It doesn't matter whether C-14 is produced by a decay chain or is cosmogenic. The C-14 concentration will build up at the same rate, with the same math, as a short-lived isotope formed from a long-lived parent.
It's not quite that simple. The calculations work for a constant production rate, but the cosmogenic production of C14 is not constant.
And there are other factors, human activity has upset the balance with nuclear testing, and with the release of old carbon from burning fossil fuel.
I think that we can agree that, as a practical matter, the atmosphere is close enough to equilibrium that radiocarbon dating will produce reasonable results without correcting for the differences.
However, corrections are needed - to account for historic variations as well - if we want really accurate dates. And the argument that the Earth must be young because the atmosphere is not in equilibrium is just plain wrong.
Wikipedia states that the Redwall Limestone is found in Northern Arizona, southeast California, New Mexico, and southern Utah. The Tapeats Sandstone is found in northern Arizona (Grand Canyon), central Arizona, southeast California, southern Nevada, and southeast Utah
That map - and similar ones - seem to come from Creationist sources (and only Creationist sources), which is a bit of a red flag.. The little investigation that I have done suggests that they are probably including other formations, such as the St Peter Sandstone.
So if I understand correctly we have similar rocks deposited at the same time (with some leeway, no doubt) rather than a single formation. In some cases the similarities could be quite extensive - possibly even derived from the same source of sediment? but nevertheless there are reasons to consider them distinct.
Another point to consider, especially with older formations, is continental drift. Places which are far apart now, may not have been so when the material was originally deposited.
To make a quick reply, the idea is that the rate of deposition can vary, but it would be surprising indeed - at least to geologists - to interpret a massive formation like the Redwall as being due to a single event.
But my main point is this: it is wrong to describe the Redwall Limestone as being "all Redwall Limestone" when it is in fact a mix of varying limestones, dolomites and chert. The Redwall Limestone is composed of distinct "members", and even those are not uniform. here is a description of the actual composition - perhaps a bit technical but it does make it clear that even the individual members are not homogenous.
Hundreds of millions of years is an exaggeration, so let's not worry about that.
Limestone is especially easy to explain - because so much of it is biogenic. So long as the organisms producing it keep on going there will be sediment to deposit.
Really, the mechanisms of deposition aren't believed to be any different from those operating today. And so long as conditions remain similar, why shouldn't the material deposited also remain similar ?
The fact that it's only 540 million years to the Cambrian supports my point. No single formation is likely to occupy more than a third of that.
And I'm certainly not going to reject scientific conclusions just because you find them "strange" for some unexplained reason. I find Relativity and Quantum Mechanics to be much stranger, and I'm still happy to accept them.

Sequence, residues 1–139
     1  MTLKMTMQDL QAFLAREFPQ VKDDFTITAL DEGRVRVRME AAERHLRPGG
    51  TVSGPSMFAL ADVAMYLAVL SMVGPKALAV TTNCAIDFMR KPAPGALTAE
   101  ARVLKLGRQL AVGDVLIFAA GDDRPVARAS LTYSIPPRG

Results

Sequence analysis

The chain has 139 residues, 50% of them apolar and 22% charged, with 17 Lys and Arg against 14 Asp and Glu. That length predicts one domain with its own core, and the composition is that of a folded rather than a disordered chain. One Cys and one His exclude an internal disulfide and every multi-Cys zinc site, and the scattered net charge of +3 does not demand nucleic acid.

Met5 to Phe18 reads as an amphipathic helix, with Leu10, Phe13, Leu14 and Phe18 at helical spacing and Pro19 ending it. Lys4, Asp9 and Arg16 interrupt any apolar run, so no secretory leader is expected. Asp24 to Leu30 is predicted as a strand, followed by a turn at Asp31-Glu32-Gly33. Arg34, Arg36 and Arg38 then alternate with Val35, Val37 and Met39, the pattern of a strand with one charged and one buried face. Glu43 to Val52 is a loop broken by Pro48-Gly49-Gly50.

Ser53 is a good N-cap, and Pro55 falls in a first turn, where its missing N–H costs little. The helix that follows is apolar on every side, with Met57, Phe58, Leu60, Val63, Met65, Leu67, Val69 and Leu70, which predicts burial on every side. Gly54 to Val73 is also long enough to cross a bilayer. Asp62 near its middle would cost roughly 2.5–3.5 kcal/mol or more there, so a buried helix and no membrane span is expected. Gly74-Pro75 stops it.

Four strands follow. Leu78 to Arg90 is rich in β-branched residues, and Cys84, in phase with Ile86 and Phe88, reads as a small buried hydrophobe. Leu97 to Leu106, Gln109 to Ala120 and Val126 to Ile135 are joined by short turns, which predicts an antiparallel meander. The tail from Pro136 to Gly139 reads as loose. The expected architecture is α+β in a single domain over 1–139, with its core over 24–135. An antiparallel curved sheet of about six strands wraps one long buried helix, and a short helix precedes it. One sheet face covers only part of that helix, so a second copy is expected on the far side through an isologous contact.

What you are imagining is quite strange but it isn't the reality - the rocks are not is neat and tidy as you think. Not nearly. Now, the geological periods are based on the rocks, but not because there are sudden closely synchronised changes in the rock being deposited on a global basis. (This is even more true of subdivisions of the major periods which are NOT recognised globally). Rather, there are global changes affecting the environment which, by my understanding, have a more gradual effect.
In reality the iridium layer produced by the meteorite strike at the end of the Cretaceous was something of a gift for geologists because it did provide a precise marker for the end. Something that the rocks otherwise did not provide.
Since the periods are identified from the rocks, and since they represent the effects of global changes, and since they are not at all precise where the boundary is actually present I am at a loss to see anything actually strange.
Perhaps you could point to a genuinely strange example ? Let's have something we can clearly look at instead of arguments based on the way you think things are.
Every boundary ? Well, let's consider the Redwall again.
The Redwall is from the Carboniferous.
In places it sits on the Muav Limestone from the Cambrian. A difference of more than 100 million years, missing out the Devonian altogether. Is it really strange that rocks deposited at such different times should be different ?
In other places it sits on the Temple Butte Limestone, which is closer in age - but even there, there is a break in deposition, again for a considerable period. Again, not strange.
Above you have the Surprise Canyon formation, which is also quite similar in age, also starting in the earlier part of the Carboniferous. So this doesn't represent a boundary between geological periods, but even here there is a long break in deposition, as shown by the erosion of the Redwall surface.
In there being any correlation whatever between a rock type and a time period.
That isn't really strange. The rock has to be deposited at some time, and it isn't surprising that it would all be deposited within a single geological period since those periods are so long. So, to the extent that it is true it isn't strange at all.
In there being a pattern of time periods marked by rock types that repeats up the entire geo column.
That would be strange if it were true. But it isn't,